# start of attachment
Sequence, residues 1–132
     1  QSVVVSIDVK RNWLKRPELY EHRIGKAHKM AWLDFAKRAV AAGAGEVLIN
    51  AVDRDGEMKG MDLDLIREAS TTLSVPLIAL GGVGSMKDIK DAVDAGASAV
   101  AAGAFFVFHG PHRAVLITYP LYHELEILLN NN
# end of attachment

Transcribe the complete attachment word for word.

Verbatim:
Sequence, residues 1–132
     1  QSVVVSIDVK RNWLKRPELY EHRIGKAHKM AWLDFAKRAV AAGAGEVLIN
    51  AVDRDGEMKG MDLDLIREAS TTLSVPLIAL GGVGSMKDIK DAVDAGASAV
   101  AAGAFFVFHG PHRAVLITYP LYHELEILLN NN